The answer, surprisingly, is a qualified “yes”.
iPhone Apps and Android Apps execute in a Unix like environment – both are based on BSD Unix.
BSD is very like its better known cousin Linux, except that the license terms for BSD make it easier to customise – unlike Linux, with BSD you don’t have to make your modified source code public domain.
And .NET components can run on Unix (i.e. iPhone app and Android app environments), by using the Mono framework.
There are a few gotchas. Mono components will run slower than native components, and consume more memory – which can be an issue on memory constrained devices like mobile phones. So I would recommend against writing an entire app in Microsoft C#. In addition, some features won’t be wired up out of the box, so if you want to display a .NET XAML component on your iPhone app screen, you can look forward to a great deal of work.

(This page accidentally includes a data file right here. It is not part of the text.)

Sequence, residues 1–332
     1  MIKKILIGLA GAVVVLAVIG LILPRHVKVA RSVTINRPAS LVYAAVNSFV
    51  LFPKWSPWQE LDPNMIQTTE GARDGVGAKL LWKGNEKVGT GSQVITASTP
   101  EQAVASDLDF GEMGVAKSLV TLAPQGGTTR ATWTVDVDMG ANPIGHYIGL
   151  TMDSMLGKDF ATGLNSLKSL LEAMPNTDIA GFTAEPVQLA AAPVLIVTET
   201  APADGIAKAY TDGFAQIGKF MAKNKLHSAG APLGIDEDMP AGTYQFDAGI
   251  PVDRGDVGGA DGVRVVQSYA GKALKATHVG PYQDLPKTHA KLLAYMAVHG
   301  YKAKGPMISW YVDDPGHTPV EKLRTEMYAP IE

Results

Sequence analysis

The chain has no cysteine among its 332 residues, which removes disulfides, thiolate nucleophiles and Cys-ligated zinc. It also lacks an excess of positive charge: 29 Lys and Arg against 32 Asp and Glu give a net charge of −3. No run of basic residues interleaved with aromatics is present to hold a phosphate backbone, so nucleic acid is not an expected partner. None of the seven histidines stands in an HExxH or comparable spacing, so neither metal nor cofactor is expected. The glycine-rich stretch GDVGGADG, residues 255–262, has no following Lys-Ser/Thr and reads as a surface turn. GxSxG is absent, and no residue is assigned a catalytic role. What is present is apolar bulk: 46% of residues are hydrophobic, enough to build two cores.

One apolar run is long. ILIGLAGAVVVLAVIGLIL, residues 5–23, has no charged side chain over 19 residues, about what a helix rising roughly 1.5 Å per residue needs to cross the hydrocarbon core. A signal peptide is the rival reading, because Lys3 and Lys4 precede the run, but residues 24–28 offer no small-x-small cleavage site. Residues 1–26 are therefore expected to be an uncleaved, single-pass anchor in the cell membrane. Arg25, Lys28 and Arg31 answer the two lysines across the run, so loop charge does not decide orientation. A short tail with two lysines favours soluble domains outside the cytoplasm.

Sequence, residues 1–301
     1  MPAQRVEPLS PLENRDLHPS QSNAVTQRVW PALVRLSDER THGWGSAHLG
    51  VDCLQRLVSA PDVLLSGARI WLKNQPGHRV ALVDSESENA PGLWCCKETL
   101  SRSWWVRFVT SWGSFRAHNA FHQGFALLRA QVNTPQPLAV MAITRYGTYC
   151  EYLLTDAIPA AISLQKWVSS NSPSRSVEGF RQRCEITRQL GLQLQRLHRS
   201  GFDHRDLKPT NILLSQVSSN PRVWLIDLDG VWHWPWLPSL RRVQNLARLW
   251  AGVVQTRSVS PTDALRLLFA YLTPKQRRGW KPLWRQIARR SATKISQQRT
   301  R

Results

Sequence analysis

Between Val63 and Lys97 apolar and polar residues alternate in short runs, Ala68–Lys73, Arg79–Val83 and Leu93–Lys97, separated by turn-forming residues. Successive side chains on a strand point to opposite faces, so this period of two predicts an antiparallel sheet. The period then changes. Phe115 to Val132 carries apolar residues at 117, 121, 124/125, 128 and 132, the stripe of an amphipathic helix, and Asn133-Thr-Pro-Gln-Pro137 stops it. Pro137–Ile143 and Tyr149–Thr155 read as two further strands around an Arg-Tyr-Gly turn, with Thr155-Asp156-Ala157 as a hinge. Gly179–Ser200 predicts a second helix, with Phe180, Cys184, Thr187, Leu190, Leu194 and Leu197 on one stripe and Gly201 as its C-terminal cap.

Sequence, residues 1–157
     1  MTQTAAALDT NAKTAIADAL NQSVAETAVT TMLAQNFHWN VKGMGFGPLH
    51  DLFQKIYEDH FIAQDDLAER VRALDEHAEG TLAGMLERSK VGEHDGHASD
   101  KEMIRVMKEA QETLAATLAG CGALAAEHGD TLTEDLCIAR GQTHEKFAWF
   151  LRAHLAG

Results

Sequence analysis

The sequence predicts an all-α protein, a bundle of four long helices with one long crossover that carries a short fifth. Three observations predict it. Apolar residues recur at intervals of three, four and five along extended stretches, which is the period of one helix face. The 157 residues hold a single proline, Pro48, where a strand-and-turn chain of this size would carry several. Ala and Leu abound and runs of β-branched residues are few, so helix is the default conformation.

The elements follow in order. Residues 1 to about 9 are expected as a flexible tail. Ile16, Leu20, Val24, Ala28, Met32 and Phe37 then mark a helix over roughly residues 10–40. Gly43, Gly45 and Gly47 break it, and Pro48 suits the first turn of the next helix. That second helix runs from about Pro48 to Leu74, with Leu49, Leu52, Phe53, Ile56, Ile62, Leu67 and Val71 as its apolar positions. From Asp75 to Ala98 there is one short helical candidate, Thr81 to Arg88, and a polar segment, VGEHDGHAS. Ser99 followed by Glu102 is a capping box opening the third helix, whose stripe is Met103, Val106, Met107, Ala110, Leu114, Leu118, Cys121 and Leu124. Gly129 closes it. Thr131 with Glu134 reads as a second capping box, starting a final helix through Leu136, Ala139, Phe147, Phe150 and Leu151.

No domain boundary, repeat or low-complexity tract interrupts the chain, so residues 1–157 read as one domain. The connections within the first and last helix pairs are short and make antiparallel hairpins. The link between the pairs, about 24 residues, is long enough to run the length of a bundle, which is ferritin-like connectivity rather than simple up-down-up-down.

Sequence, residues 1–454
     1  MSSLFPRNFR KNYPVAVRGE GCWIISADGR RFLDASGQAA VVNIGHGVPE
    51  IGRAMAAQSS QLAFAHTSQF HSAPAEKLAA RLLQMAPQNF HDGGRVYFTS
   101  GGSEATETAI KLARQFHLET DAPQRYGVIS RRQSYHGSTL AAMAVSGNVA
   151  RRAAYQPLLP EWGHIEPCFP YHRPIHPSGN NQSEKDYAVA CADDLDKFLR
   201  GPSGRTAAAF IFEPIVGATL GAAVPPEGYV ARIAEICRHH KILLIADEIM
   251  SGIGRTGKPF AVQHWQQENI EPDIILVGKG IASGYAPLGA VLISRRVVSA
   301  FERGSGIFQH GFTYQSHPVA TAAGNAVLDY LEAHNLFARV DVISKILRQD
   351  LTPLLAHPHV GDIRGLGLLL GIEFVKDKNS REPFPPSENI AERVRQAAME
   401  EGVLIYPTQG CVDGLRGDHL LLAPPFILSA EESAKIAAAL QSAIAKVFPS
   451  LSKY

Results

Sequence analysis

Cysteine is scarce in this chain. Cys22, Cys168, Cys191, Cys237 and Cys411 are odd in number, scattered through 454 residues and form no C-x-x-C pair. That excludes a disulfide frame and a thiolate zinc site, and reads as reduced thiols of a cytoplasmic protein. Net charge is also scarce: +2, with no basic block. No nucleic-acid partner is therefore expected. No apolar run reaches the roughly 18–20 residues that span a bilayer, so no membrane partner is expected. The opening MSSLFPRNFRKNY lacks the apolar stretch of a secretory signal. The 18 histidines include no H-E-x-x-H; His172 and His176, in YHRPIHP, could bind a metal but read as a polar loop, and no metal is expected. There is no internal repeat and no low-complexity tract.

But if you want to say create a native iPhone App or Android App, but embed a Microsoft .NET communication client component for talking to your backend system, then an embedded Mono system could provide a labour saving solution to your needs.
Mono also works on Linux servers – ASP.NET components can in many cases be run immediately after a Mono environment is installed on an Apache Linux system.
If you would like to know more about running Microsoft components in an iPhone app or Android app, please leave a comment, or contact Eric Worrall.